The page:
In Granada and the towns surrounding it, we saw very few foreigners. In town there was a few expats from the U.S. and Europe, but in the restaurants, stores, museums and streets, it was mostly locals, which I like. Once we got to the Pacific coast, in the town of San Juan Del Sur, we did run into quite a few Americans. However my friends and I gravitated to the local spots anyway.
7. What are the best parts of Nicaragua?
The food (literally avocados and mangoes were falling off of trees, everything is so fresh), the rich, diverse history and the people. Oh, and the exchange rate! I really gained a better understanding of the Latin culture, and I must say I like it! It’s a slower pace down there, and they value family and quality time. In New York everyone is all a part of the rat race, and in a hurry. Life is slower in Nicaragua, and it’s a place that allows you to recharge and rest. The colonial architecture is stunning in Granada, and the quaint beach side of San Juan Del Sur is so relaxing.
The only downside for me was the searing heat and humidity. We weren’t there during rainy season, but it did drizzle a few times. On the flip side, the minute the sun goes down, the temperature feels really nice...and lets be honest, there’s nothing an ice cold beer or rum with ice can’t help!
The best part I’d say, was the “live” souvenir I brought back to the States.The most troubling part as I said before was poverty, and that came with a big stray dog problem . Being a huge animal lover, I saved scraps for just about every dog that came up to me. On the first night we were at an outdoor cafe on Parque Central in Granada, drinking beers, when our food came and I looked down to see this little shepherd mix at my feet. She was so sweet and calm, she just wanted to eat. I could tell she’d had a litter of puppies, so I gave her food from my plate. The next night I saved scraps and found her again in the park. I’d even bought dog food from a grocery store and hauled little baggies with me everywhere. I fed lots of dogs, but this was a very special dog. On the last night I took a picture of her, and then we went west to the Pacific. Upon my return I sent pictures to one of the expats I made friends with who volunteered at the town’s animal clinic. As luck would have it, she had seen the dog before, but not in a while. The very next day, the pup showed up in the doorway! They took her to the clinic and I decided to adopt her. She stayed for about a month getting up to date on shots and getting healthy enough to fly. I named her Toña…after the local Nicaraguan beer I was drinking when she showed up. She arrived in September and is already a little New Yorker! (FirstStep.me team has a smile!)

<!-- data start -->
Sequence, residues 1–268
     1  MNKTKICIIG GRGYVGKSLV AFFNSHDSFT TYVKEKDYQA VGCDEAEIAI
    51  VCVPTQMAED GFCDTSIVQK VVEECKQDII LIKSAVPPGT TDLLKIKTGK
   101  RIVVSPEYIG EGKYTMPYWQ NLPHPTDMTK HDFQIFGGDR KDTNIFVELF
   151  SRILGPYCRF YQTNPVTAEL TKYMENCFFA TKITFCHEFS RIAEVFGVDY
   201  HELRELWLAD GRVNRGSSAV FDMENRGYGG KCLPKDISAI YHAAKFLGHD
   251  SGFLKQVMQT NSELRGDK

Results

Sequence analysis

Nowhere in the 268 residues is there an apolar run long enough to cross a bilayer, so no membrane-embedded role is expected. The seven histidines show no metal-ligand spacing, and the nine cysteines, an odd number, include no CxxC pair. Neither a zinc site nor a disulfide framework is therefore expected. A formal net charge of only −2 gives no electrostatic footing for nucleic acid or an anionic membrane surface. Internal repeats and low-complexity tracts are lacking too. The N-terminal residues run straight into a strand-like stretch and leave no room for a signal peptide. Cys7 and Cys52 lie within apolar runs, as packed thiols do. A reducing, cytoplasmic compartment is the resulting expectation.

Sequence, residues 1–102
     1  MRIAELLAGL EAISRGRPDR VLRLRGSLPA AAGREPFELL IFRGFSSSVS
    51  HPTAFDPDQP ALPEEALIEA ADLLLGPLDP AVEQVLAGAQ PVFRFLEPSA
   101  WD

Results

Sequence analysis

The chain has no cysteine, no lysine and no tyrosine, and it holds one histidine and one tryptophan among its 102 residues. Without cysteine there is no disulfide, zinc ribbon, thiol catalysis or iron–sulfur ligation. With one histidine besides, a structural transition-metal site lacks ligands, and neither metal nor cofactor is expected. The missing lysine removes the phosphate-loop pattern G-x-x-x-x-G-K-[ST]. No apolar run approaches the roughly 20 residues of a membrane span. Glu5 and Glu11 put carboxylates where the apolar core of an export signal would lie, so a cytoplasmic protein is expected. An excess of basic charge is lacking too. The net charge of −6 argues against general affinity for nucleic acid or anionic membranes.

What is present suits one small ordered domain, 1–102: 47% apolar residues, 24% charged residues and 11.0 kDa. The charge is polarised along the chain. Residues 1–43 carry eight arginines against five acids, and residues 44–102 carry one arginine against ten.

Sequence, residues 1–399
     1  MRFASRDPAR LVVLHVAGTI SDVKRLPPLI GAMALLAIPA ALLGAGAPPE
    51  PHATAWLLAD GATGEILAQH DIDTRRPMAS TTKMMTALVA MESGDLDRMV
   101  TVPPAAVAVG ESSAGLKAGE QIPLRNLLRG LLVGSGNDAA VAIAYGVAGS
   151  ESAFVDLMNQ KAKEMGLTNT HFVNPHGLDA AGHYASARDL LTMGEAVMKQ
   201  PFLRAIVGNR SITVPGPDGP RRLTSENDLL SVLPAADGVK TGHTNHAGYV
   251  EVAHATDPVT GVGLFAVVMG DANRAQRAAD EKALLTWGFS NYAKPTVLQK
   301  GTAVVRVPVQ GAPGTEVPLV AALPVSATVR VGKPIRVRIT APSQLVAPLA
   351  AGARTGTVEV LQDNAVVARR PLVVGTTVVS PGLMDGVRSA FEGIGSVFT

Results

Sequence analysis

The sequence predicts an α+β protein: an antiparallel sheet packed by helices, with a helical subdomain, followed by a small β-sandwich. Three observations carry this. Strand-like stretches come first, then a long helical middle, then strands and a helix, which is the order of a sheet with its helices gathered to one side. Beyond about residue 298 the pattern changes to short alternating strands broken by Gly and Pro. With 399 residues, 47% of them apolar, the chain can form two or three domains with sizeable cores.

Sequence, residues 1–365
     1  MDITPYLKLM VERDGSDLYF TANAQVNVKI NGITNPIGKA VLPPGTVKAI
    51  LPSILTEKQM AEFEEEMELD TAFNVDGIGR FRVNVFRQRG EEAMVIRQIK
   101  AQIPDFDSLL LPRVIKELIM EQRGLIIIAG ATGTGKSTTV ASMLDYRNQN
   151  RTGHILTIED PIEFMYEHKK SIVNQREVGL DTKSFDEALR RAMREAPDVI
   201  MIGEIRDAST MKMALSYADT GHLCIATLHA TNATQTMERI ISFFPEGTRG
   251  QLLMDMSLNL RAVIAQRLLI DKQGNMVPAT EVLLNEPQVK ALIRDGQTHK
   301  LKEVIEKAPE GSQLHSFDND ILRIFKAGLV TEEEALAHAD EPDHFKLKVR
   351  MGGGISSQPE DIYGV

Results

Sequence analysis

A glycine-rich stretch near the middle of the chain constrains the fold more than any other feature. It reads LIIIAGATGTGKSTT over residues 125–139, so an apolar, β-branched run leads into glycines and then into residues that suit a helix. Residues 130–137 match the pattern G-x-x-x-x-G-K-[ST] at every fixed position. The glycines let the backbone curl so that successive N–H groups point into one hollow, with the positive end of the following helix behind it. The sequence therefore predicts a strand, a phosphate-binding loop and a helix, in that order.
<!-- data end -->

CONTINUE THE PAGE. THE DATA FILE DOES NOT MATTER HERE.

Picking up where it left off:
8. Would you go back and what is your next travel destination of choice?
Yes, I would definitely go back. I feel like I saw only a small part. I’d like to travel further north to Lyon, and east to the Caribbean side. There is still a lot of the world for me to see though, and I really want to go further south to Argentina. I’d love to visit Buenos Aires, Patagonia and the wine region. I’d also like to get back to Europe. Spain, Italy and Greece are on my list.